Bottom line - if in doubt, write it on your page that you look at EVERY SINGLE DAY.

For more planner tips and tricks, subscribe to Giftie Etcetera. And don't forget to share with your friends on social media.


Saturday, April 12, 2014

Planning Packing

With holiday travel and at least four summer trips (one Carnival Cruise, one girls' weekend, one graduation weekend, and one service weekend for my amazing high school, Louisiana School for Math, Science, and the Arts) coming up, it's never to early to start planning for packing.

To see a video of my packing tips, visit here.

Fortunately, I have a ton of old packing lists to help me get started on deciding what to pack, stored on my laptop or in the Notes section of my planner. Once my packing list is complete, I check the old packing lists to see if I've missed anything important.

Except for really long trips, I rarely pack earlier than the night before. If I pack too early, I end up needing stuff that I have already packed. I do sometimes dedicate an area for stuff that I am going to take with me and fill that area ahead of time. For example, if the trip includes swimming and I am done with my swimsuits for the week, they might go in that dedicated area.

That said, I plan for packing ahead of time. In fact, I started my Easter packing list right after Christmas. My mother-in-law visited and left an insulated casserole bag at our place. I started the list with the bag as the first item to pack, as we generally visit her house sometime during the Easter holiday.

Some of my favorite packing tips...

*Packing lists are something that can be standardized on a laptop. However, I don't recommend it unless you are taking the same kind of trip (say, for business) over and over or you make a list, all inclusive list. Camping, flying, visiting family, or staying in a hotel (or on a CRUISE!!!) all require different packing lists. The other disadvantage of electronic lists? You can't just add to them quickly when you think of something unique that you need for the trip. If you do use an electronic list, consider putting a reminder to "check custom list in planner" at the bottom and just put custom stuff on the list in the planner as you think of the item.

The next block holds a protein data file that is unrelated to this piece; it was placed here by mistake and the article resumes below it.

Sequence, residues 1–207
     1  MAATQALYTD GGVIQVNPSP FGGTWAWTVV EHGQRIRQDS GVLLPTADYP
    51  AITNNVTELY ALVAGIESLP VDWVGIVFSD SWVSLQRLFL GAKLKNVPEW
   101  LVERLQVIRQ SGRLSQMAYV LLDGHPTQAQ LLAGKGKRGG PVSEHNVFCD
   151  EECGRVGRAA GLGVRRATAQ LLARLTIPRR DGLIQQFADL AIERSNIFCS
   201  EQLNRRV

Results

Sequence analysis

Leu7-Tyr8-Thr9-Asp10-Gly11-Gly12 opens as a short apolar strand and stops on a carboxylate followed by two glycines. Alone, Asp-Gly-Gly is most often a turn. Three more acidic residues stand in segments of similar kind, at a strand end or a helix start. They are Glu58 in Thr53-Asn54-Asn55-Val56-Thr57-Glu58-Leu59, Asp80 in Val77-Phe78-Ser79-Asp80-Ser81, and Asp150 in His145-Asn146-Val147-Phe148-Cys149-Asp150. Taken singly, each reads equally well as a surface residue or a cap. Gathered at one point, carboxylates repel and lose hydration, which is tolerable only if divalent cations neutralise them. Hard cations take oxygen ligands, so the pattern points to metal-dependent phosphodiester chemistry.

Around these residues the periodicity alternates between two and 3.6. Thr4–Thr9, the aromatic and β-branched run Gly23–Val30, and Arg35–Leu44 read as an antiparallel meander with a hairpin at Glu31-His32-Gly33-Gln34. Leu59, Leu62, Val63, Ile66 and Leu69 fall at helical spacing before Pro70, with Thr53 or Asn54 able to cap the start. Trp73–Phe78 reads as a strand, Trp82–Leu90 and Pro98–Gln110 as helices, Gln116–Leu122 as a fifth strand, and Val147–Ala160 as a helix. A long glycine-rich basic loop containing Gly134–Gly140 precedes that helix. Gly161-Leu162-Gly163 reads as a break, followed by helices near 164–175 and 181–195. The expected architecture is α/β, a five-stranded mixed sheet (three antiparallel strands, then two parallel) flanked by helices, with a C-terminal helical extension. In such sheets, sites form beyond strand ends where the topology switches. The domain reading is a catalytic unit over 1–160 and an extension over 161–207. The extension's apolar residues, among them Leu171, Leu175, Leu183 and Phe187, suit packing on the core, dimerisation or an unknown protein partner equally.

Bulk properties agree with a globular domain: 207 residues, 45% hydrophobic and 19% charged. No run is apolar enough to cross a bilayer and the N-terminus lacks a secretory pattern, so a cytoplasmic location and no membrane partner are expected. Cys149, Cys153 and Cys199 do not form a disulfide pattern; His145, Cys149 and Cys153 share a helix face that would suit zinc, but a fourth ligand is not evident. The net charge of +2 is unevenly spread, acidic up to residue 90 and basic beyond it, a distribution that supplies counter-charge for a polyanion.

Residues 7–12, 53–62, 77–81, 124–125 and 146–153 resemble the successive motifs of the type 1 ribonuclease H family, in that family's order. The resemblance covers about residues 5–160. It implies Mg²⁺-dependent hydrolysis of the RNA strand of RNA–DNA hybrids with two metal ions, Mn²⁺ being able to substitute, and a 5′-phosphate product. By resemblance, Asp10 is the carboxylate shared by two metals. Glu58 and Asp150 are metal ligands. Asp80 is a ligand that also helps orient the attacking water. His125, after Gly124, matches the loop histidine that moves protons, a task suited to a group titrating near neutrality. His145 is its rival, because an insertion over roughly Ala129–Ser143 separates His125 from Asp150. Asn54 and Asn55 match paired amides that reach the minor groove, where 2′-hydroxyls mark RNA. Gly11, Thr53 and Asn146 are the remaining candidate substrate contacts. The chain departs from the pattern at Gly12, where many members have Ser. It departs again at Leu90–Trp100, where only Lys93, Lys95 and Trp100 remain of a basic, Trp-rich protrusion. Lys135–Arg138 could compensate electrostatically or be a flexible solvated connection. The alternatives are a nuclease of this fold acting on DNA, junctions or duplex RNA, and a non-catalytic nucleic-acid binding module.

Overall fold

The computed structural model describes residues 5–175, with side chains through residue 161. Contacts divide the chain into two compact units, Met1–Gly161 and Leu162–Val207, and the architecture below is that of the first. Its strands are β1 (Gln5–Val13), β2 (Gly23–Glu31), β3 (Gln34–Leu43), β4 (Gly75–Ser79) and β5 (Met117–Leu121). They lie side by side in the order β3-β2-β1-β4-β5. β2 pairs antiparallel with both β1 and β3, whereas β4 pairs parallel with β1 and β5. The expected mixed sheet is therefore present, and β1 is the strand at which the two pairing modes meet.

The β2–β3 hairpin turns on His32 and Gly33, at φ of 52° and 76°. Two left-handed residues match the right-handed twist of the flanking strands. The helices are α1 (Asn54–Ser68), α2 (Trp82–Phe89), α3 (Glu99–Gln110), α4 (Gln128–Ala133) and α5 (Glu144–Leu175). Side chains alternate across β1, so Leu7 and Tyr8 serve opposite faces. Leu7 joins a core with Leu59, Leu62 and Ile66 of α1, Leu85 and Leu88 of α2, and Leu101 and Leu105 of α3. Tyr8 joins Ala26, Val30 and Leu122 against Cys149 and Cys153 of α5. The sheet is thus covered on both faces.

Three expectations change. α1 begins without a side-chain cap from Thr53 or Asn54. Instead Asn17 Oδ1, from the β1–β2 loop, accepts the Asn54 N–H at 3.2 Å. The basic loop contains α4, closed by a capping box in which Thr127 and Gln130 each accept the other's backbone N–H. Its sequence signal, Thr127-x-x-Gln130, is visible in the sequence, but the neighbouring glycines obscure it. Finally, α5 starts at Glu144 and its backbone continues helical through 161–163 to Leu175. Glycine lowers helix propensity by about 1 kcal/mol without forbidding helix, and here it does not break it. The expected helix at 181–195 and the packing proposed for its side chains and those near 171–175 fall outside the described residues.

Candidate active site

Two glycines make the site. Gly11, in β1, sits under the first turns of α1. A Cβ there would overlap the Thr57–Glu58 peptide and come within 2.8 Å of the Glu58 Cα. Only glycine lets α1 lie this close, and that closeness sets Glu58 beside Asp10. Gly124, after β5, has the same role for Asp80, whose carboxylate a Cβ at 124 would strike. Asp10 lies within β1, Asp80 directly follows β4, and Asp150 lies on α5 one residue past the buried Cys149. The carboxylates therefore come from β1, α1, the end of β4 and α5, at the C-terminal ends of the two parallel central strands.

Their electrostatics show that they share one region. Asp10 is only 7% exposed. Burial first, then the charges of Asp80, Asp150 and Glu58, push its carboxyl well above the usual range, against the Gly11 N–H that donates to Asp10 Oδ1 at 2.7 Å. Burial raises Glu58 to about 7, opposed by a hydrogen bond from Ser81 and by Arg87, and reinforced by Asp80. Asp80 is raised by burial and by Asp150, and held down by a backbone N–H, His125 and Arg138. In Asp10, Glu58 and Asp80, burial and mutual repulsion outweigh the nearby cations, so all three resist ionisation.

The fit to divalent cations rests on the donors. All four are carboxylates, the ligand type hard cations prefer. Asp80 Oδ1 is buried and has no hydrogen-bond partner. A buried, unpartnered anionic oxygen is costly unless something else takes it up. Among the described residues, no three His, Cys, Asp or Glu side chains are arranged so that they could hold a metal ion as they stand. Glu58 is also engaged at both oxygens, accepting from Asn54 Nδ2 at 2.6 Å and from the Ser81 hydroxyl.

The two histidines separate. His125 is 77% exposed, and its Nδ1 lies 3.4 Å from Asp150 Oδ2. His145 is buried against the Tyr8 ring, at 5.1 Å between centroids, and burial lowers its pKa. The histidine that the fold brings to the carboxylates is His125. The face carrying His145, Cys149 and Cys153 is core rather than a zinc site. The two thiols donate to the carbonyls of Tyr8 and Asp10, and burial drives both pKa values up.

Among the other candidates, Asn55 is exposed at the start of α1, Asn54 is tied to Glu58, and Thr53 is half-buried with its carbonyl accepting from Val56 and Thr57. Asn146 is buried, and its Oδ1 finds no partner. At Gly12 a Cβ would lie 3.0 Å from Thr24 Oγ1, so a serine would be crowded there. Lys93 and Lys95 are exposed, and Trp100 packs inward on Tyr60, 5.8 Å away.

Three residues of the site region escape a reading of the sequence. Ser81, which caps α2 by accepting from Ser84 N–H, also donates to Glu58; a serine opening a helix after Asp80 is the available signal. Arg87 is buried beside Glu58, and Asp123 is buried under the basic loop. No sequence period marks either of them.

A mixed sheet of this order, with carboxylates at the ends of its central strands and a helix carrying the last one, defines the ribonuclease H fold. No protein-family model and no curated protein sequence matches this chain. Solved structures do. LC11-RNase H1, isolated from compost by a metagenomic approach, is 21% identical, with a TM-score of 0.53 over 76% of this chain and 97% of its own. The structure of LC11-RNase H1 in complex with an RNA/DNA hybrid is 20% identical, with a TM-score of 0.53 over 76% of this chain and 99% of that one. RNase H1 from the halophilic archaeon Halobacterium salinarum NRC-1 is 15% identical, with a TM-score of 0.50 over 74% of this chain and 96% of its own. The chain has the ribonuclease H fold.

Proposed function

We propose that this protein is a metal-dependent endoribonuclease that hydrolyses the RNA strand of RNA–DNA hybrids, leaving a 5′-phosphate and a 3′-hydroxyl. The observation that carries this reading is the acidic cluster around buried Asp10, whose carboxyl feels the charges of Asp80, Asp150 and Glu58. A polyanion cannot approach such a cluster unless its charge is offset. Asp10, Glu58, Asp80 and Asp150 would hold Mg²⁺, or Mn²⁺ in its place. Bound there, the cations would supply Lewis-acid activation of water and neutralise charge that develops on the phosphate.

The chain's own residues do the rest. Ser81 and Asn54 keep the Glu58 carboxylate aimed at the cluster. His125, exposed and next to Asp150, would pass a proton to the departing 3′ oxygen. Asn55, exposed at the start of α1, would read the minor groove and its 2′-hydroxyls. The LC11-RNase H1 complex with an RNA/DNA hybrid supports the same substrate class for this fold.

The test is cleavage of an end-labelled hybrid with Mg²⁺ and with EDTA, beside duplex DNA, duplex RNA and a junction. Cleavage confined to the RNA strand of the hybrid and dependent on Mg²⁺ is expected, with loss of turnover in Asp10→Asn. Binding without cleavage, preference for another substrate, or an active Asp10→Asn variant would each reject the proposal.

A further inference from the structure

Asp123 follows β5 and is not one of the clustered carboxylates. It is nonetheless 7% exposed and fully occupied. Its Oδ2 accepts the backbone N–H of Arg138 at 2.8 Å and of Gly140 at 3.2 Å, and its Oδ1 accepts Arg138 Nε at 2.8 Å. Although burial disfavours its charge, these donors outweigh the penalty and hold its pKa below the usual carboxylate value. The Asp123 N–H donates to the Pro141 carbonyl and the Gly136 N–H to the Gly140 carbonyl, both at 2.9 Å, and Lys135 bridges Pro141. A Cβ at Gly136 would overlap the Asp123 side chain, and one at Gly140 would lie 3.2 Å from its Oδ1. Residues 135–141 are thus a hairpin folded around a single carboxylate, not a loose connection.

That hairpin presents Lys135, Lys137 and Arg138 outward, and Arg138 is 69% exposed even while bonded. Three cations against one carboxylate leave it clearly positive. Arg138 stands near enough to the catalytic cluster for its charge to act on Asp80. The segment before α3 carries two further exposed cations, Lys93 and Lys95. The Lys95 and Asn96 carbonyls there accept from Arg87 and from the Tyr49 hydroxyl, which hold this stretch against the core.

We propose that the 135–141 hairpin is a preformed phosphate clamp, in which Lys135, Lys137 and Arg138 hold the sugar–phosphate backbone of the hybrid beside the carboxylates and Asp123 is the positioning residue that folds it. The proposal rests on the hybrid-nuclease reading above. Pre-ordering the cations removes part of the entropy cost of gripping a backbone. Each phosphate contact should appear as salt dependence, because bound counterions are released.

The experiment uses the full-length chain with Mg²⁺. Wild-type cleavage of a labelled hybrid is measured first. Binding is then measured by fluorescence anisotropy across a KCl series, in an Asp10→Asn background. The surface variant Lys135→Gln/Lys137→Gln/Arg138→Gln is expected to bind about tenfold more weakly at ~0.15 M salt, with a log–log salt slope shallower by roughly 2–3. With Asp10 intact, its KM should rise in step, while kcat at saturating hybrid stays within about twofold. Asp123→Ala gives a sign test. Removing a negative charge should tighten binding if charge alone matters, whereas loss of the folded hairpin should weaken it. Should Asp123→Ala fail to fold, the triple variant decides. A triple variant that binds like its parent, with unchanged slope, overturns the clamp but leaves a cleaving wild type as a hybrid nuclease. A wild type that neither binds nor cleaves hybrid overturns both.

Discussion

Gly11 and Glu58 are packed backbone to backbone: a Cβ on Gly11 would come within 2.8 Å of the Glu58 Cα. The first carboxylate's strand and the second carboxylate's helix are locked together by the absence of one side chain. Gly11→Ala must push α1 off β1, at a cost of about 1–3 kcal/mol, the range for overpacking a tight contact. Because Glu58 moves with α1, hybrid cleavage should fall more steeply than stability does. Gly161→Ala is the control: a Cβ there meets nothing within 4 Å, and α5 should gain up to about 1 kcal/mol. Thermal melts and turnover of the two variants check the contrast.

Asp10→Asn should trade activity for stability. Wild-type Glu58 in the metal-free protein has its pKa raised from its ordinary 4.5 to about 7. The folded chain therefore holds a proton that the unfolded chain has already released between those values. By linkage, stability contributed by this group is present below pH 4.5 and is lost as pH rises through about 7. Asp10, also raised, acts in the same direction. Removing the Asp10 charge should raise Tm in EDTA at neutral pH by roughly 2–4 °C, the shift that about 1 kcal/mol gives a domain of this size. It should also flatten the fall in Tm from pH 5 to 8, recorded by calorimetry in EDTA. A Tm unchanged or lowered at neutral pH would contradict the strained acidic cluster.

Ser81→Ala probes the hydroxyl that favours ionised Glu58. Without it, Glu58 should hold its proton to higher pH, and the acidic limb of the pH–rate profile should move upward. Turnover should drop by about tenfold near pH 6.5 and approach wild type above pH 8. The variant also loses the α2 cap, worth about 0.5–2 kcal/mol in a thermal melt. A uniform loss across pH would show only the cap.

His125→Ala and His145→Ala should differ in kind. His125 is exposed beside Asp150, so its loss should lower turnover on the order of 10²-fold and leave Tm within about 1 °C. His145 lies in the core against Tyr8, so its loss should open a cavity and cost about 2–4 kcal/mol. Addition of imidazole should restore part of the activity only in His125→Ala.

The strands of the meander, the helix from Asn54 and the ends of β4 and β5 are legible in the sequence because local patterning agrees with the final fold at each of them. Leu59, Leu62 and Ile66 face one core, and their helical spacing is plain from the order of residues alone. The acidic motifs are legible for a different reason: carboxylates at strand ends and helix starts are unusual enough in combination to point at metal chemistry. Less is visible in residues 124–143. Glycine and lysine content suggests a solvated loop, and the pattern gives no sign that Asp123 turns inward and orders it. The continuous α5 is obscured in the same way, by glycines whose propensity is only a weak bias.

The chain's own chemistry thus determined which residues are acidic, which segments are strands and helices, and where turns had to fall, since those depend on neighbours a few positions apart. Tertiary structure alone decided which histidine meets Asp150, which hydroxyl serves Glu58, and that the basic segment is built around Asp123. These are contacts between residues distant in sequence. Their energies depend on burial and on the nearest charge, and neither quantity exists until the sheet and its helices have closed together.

*Keep packing lists in your project section until after the event, labeled with the name of the event and the date. Don't destroy them after you have packed. That way, when you are ready to repack for the trip home, you can simply check the list again!

*Make your packing lists in categories that make sense to you. I use different areas of the page for different pieces of luggage (like carry-on, backpack, rolling bag). Other great subcategories include by day, by activities or events, by time of day (morning, afternoon, night), or action categories, like hair styling, makeup, or toiletries.

*Don't forget to pack for daytime wear, special activities clothing (like swimming, church, or elegant dinners), night wear, or exercise gear.

*Put dots next to items that you need to inventory before a trip and a task in your weekly pages to do the inventory and shop about a week ahead of time. For example, I need to check on how much sunscreen we have on hand before my cruise.

*Double check old packing lists in your notes or file section of your planner to make sure that you didn't forget something important.

I hope many of you are blessed with at least one trip this summer!

P.S. My friend Donna just wrote an excellent quick packing blog here. Go visit her page!


Thursday, April 10, 2014

Planning My Carnival Cruise In My Franklin Covey Paper Planner

I did a you tube video explaining how I am planning my upcoming cruise. Watch it here.

My favorite planner tips...

*Use the system you already have for planning a vacation.

For example, if you read my blog often, you know that I use a Projects section for active projects. Vacation planning is a project.

Dates of travel go on my monthly calendar.

Week or day-specific tasks go on my weekly calendar.

*Keep tasks lists on sticky notes. 

Pre-vacation tasks and things to do while on vacation should be separate. I put them on sticky notes, and whatever is not done by the week before the cruise will simply be moved and stuck to the week before the cruise in my weekly pages.